He describes himself as “the driving force behind UTV’s evolution into India’s first truly global media company.” In truth, Rohinton “Ronnie” Screwvala has very little to be modest about.
His achievements in building UTV from the ground up and his sometimes noisy exhortations about the need for greater professionalism in the Indian industry have earned him comparisons with Jack Warner and a place on the front cover of Newsweek’s Asian edition.
Born and educated in Mumbai, 45-year-old Screwvala is smart and worldly. He entered the entertainment business without family connections in the 1980s. He pioneered cable TV at a time when there was only a single pubcaster environment. And in the 1990s he turned his attention to Bollywood, first as a distributor, soon after as producer. Convinced of a need for innovation, Screwvala began by turning to marginalized directors and lesser-known talent.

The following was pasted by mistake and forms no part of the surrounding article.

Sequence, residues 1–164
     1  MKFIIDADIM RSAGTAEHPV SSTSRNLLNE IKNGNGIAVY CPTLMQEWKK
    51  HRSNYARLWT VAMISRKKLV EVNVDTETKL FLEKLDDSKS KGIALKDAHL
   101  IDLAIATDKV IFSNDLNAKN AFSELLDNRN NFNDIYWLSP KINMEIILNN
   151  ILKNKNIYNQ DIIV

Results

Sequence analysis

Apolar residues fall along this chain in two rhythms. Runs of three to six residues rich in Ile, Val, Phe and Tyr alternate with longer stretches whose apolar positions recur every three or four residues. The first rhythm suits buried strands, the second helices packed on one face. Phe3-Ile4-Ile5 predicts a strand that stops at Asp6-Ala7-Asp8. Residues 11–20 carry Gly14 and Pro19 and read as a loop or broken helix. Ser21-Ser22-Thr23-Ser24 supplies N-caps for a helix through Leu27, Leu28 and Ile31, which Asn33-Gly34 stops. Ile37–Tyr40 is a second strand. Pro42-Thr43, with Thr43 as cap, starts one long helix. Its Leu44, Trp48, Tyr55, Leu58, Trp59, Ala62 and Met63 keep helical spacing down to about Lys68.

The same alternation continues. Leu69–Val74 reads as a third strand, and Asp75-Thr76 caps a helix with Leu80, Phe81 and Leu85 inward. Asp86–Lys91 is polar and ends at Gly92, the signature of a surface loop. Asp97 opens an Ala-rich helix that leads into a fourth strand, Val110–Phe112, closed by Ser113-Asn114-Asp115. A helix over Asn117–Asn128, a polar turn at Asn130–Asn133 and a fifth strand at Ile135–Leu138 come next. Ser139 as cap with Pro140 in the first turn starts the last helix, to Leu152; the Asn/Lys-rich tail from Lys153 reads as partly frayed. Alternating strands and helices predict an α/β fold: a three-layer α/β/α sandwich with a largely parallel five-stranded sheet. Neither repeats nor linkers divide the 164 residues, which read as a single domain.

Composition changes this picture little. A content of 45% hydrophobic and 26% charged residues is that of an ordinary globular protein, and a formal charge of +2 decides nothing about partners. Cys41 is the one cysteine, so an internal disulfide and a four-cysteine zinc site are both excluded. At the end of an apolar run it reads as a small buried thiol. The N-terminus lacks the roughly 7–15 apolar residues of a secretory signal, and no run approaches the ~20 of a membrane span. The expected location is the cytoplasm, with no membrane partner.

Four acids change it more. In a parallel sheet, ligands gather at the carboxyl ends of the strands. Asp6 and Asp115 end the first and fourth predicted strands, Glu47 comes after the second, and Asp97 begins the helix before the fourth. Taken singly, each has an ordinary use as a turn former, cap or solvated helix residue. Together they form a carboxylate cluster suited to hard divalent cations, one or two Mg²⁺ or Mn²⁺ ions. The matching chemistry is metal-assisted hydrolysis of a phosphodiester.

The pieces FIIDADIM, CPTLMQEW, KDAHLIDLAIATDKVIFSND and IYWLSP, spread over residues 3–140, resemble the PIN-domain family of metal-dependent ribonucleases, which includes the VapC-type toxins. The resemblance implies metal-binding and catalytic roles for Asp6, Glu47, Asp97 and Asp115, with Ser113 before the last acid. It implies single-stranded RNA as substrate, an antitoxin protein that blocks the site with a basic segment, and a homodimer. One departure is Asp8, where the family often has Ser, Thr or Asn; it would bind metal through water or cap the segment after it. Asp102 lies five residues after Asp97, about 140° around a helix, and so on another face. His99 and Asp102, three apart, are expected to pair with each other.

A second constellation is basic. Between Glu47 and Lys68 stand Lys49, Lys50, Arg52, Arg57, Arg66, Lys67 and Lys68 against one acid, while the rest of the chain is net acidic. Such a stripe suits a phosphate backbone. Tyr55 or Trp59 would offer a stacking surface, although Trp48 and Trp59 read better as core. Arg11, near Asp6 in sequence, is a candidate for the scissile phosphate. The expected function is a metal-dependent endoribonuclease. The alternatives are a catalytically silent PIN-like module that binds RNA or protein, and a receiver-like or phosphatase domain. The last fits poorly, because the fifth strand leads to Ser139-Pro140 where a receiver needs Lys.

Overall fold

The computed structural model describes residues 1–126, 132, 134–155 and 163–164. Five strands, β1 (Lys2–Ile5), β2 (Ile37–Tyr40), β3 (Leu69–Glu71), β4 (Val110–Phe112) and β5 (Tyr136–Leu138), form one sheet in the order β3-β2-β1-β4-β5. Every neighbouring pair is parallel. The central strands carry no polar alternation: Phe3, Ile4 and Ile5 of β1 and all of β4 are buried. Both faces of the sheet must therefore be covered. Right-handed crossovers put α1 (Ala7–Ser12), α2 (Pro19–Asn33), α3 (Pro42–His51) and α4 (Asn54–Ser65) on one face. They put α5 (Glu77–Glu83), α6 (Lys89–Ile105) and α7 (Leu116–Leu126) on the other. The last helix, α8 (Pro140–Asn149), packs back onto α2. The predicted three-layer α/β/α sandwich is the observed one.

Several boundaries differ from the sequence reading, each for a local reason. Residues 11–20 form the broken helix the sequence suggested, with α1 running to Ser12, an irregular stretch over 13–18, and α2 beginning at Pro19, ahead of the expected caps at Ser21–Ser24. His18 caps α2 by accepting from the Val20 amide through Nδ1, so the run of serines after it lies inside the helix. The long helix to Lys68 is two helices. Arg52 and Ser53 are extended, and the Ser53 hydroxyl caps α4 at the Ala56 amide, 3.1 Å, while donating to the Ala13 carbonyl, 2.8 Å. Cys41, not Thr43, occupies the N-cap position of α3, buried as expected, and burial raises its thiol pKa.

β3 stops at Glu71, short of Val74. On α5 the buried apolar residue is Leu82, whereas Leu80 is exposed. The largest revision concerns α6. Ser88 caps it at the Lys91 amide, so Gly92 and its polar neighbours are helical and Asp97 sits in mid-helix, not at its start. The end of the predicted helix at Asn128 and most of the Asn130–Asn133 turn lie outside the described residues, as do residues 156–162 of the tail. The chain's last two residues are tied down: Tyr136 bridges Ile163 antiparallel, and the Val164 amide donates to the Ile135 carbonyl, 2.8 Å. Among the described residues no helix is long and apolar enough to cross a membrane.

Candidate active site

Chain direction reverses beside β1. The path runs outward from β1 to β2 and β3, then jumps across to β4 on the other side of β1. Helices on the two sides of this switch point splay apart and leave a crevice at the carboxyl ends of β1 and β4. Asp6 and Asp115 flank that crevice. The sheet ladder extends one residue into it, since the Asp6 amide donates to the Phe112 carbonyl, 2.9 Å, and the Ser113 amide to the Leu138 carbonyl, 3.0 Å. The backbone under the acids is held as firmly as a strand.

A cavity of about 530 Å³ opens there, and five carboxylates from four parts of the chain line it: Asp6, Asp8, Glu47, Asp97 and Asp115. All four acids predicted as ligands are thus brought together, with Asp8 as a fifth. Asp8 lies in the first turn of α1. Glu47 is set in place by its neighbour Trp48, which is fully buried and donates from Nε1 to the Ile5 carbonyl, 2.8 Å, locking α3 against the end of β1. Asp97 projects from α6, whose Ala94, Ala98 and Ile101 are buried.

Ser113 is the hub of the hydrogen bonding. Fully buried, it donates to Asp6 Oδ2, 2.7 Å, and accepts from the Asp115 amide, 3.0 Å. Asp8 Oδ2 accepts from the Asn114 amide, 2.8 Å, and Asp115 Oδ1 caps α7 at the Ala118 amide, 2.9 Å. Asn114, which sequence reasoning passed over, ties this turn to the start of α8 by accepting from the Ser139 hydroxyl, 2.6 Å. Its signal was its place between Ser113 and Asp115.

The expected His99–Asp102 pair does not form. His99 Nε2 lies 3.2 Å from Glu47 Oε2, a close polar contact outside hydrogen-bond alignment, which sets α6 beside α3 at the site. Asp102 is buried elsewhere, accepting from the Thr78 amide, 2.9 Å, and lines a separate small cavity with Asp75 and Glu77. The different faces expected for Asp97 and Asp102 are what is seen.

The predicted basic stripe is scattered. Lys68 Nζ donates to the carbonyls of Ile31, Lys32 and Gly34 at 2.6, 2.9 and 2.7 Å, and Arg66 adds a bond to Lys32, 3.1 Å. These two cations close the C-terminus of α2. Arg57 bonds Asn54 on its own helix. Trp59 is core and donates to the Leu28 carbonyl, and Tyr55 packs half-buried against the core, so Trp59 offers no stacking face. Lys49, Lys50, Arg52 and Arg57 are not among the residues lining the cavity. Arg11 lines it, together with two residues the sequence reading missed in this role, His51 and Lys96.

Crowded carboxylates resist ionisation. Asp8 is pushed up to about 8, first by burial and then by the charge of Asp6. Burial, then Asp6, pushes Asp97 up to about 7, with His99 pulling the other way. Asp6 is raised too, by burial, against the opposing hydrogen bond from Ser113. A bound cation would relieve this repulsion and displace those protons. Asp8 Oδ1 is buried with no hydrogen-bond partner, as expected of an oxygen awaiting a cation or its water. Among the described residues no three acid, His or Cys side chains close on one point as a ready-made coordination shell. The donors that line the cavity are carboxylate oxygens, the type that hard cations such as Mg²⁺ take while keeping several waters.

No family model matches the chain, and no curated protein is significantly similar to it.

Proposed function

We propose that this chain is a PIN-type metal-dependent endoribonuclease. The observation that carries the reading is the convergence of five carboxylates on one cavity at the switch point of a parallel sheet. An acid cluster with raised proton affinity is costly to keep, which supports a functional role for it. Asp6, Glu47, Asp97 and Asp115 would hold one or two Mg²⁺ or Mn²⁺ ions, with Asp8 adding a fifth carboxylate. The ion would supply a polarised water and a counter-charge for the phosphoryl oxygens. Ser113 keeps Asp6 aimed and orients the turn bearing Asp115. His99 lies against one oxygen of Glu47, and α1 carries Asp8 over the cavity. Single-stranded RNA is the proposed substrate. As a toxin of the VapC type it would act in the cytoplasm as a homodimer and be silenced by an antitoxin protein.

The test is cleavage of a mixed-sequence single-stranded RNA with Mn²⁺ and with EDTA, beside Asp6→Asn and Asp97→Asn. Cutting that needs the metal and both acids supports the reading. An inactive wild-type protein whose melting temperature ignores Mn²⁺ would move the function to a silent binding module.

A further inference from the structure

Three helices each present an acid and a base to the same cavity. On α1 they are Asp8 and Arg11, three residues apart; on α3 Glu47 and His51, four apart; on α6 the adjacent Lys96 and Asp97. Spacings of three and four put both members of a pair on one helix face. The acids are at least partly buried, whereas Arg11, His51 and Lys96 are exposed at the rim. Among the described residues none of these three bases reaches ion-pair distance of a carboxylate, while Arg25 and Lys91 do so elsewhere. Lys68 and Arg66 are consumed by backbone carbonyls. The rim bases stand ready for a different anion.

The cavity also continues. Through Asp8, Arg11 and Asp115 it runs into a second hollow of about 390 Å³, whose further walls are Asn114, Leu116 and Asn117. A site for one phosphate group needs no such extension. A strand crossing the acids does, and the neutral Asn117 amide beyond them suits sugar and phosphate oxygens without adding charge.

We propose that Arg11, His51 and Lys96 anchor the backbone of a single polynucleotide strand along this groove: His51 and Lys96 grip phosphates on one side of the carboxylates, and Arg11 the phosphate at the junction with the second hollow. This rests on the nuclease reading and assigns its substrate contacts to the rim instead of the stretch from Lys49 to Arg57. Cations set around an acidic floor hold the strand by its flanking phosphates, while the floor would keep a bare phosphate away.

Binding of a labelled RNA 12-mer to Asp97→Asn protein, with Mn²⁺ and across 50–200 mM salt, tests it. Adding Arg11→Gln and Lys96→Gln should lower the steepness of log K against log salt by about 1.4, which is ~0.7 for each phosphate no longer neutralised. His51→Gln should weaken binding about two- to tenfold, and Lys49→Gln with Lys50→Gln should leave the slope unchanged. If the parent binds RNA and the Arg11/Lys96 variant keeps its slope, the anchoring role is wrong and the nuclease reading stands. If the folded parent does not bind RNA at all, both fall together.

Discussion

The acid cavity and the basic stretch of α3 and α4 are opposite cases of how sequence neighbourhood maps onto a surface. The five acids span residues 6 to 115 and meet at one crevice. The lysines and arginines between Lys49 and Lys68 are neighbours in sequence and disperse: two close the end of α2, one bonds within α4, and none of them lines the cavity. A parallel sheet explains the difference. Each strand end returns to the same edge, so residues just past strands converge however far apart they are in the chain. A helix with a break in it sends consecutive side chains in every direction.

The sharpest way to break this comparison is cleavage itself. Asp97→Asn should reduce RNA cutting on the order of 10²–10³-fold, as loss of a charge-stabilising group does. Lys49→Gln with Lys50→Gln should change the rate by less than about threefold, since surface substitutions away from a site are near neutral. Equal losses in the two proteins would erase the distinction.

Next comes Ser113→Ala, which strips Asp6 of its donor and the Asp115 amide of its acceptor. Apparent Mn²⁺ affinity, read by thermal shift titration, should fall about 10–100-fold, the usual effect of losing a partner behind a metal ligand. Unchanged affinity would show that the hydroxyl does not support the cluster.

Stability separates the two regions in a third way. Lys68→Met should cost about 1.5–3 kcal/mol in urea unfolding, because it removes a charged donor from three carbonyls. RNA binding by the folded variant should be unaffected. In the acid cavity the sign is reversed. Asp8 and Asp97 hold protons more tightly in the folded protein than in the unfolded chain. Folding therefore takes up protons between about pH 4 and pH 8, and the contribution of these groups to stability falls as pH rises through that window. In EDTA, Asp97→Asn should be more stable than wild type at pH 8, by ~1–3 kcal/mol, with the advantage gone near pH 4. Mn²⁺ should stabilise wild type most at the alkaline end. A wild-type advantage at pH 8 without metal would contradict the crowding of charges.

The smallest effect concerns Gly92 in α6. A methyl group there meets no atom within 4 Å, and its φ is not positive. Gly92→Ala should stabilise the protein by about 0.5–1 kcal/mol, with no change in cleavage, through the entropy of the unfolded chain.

Now the preferred Indian partner of three Hollywood conglomerates and sitting astride a true Bollywood major, Screwvala has, of course, become the mainstream. Today he is all for developing a “studio system,” by which he means keeping top talent under contract, matching them with good scripts and original stories and improving technical standards.
If that were not enough, the energetic Screwvala, who thinks nothing of taking a day trip to London — where he raised $70 million by floating the company on the AIM stock market — wants more.
Hugely ambitious, he is determined to make Indian entertainment a global force. “We are not producing many films which appeal to the global audience. To attract them, we must make films of multiple genres which have a sensitive narrative,” he says.
In the last year alone Screwvala has launched three animated films, bought videogame companies in the U.K. and Hong Kong and agreed to finance the next M. Night Shyamalan film after the Indian-born U.S. director had been dropped first by Disney and then by Warner.
In September, partnered with Malaysian satellite group Astro, he began a new assault on the established hierarchy in TV with the $80 million launch of generalist youth channel Bindass.